Evolution and Agile
Evolution is devoid of foresight. It has neither a strategy nor a plan. It is impossible to predict the next steps of the evolutionary process, not to say about preparing a more or less accurate development plan similar to the evolutionary one. If we try to guess the original intention and realize the true goal to build a logical chain that leads to the current reality, that’s the point where the false reasoning comes up. And that’s all to answer irrational questions, which simply should not be raised in general: about the sense of life and the purpose of existence.
Evolution is completely indifferent to the complexity obtained. Take, for example, a platypus. A poisonous waterfowl mammal that is close to reptiles by a number of attributes. It has a developed electroreception, lays eggs, is completely deprived of teeth. Platypus is an excellent example of a designed system, where each subsequent change was intended to meet immediate needs instead of following a clearly structured long-term plan. Nevertheless, as we can see, platypuses live and feel quite good.
Evolution doesn’t care about inconvenience if the main function is performed. The giraffe was created with a long neck not in vain — it helps the animal to interact optimally with tall trees. But the trouble is that when the giraffe puts his head down, the pressure in his head goes off scale, so the giraffe has the fifth valve in its heart that helps to control the pressure in the head when it is lowered.
Evolution is not engaged in optimization. Ancient fish had a nerve connecting the brain with the gills. It passed by the heart, located at the bottom part of the fish, near the head. Then, after the consistent development of all animals, the neck appeared, and the heart got into the chest. Nature can not just take and rebuild nerves in a new, optimal way, therefore, in animals, this nerve moves from the head deep into the body, makes a loop around the aorta, and returns back into the neck to “gills” evolved into the vocal chords. As a result, the nerve makes a hefty detour due to backward compatibility with the architecture of prehistoric fish.
Evolution is workable. The diversity of species and the complexity of each individual make this clear. It does not matter how much an organism is adapted to the environment. It is important how much this organism surpasses others.
Evolution ignores the extinction of individual species. On average, 40 species per day are disappearing and this is normal. The extinction of species is the very mechanism of regulation and management that is successfully used.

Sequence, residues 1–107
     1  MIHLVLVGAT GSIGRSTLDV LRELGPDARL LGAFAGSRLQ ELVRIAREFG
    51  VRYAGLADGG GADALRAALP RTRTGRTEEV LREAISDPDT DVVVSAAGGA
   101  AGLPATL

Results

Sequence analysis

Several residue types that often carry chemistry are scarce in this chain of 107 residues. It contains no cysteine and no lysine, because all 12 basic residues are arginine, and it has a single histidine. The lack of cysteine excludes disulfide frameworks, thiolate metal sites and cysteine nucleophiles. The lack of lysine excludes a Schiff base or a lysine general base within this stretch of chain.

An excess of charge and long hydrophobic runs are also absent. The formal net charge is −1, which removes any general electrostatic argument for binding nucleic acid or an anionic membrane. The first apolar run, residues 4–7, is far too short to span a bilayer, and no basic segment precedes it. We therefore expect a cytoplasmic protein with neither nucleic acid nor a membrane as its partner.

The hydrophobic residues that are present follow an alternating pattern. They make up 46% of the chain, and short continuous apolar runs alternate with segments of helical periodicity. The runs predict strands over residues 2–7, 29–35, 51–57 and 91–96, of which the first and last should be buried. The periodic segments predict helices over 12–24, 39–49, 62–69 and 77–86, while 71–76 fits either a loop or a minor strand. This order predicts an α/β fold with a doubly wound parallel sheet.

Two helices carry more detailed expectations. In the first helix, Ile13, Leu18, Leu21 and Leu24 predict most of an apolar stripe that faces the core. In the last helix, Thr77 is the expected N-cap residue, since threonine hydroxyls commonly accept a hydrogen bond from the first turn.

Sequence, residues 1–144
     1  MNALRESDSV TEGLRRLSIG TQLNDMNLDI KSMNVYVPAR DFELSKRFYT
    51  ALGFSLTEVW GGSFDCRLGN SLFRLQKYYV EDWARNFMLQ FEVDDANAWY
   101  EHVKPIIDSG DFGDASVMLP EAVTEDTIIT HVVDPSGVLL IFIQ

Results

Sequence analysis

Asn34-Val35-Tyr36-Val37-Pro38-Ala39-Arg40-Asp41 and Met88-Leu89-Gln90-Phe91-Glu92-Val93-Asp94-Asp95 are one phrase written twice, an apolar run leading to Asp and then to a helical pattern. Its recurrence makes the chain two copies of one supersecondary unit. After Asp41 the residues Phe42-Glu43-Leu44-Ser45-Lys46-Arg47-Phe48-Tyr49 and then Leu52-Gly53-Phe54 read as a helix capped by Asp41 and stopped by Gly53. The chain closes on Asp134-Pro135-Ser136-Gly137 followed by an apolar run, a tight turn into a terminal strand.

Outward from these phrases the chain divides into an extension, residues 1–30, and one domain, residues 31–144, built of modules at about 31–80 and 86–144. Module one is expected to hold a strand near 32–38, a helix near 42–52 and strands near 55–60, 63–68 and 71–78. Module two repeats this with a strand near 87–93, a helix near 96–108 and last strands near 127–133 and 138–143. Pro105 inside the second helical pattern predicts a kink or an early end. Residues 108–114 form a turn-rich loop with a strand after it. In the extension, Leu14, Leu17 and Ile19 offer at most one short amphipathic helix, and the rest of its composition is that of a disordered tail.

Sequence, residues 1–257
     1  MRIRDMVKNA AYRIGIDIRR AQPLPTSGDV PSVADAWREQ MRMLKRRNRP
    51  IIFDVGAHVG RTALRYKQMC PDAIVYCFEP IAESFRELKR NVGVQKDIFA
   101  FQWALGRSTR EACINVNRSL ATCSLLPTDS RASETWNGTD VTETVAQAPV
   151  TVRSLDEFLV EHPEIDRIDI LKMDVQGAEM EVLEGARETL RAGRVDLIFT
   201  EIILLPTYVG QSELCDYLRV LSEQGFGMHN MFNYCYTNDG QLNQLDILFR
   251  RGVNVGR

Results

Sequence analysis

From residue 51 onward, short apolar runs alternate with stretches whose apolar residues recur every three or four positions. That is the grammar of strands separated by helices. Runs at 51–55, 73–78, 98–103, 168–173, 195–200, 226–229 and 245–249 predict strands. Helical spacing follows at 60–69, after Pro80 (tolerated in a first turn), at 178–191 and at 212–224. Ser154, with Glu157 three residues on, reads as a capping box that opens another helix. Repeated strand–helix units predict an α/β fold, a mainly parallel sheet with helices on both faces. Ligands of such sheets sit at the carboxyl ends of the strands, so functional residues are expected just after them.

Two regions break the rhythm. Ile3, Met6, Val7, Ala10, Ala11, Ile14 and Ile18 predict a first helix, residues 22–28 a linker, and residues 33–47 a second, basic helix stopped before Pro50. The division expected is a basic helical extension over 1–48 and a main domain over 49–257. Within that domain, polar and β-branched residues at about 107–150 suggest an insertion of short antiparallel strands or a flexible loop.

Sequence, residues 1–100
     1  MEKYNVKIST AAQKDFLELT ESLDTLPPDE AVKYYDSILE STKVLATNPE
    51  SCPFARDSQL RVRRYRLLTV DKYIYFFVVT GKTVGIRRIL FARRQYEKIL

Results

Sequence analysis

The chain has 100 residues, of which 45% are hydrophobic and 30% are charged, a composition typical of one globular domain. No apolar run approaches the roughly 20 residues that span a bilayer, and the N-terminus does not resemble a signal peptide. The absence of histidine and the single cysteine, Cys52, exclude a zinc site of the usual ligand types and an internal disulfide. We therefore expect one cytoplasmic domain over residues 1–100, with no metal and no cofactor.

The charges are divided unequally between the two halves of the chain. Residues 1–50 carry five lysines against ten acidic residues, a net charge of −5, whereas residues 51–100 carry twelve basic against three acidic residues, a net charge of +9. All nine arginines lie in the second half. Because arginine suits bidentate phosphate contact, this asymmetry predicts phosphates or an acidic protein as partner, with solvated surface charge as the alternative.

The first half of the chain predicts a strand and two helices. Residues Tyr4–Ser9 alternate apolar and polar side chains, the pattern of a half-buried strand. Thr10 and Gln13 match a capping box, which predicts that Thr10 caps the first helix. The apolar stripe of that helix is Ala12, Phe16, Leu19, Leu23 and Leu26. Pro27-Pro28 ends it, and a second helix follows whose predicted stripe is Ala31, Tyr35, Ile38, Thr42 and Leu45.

You probably understand that speaking of evolution, we analogize it to software development. And not some kind of random development process, but development based on a flexible methodology.
“Agile” is a huge self-deception in the development of products. It is incredibly useful for the total mass of applications and solutions on the market, but it is also catastrophically dangerous for a single product. The most successful solutions will survive, unadapted ones — will die out. Product development on this methodology will mean accepting all evolutionary flaws and problems in order to find an optimal solution on the market as a whole, and not for a specific product. And whether this product will survive or not — nobody cares.
Let’s imagine, that someone has a fatal hereditary disease that reveals itself in middle age. And, at first sight, struggle for life of this person is meaningless — his or her survival and offspring guarantee the same problems in future generations. If we dig a little bit deeper, we can say: the very presence of descendants makes it clear that from the point of view of evolution this person is quite eligible. After all, if you can have offspring, do it. As a result, having minor for the main functionality flaws, the individual still remains competitive. An application that performs the primary function will remain competitive even in spite of the awful design or the leaky and inelegant extra functionality. And no Agile is a hindrance for that. Thoroughly distributing such an application on user devices, you can achieve that functionality will be copied by other applications. And then we will get pdf-format, “OpenOffice” and the “super” key in Ubuntu.
All of the above can be summarized by several theses.
Copying the functionality of other applications is acceptable. Only you need to copy it competently. Remember the joke about two designers of Samsung and one of iPhone and look at the range of Samsung phone models now — they are quite independent.
Listening carefully to users and giving them what they ask is bad. Stochastic development can be useful only if there is no idea what is being developed at all. The main thing to remember is that you can get a platypus or giraffe as a result when you need a beaver or a horse.
An existence a final plan for the application is good. Even if it is changed a thousand times. Adherence to such a plan is doubly good. Even if you know that it will be changed a thousand times.
Rewriting functionality from scratch may be very useful. Sometimes. Just do not use this rule everywhere for any piece of bad-smelling code. But you should not neglect this way of development either.
Take care of yourself and develop more good products!
Originally published at riter.co on September 20, 2018.
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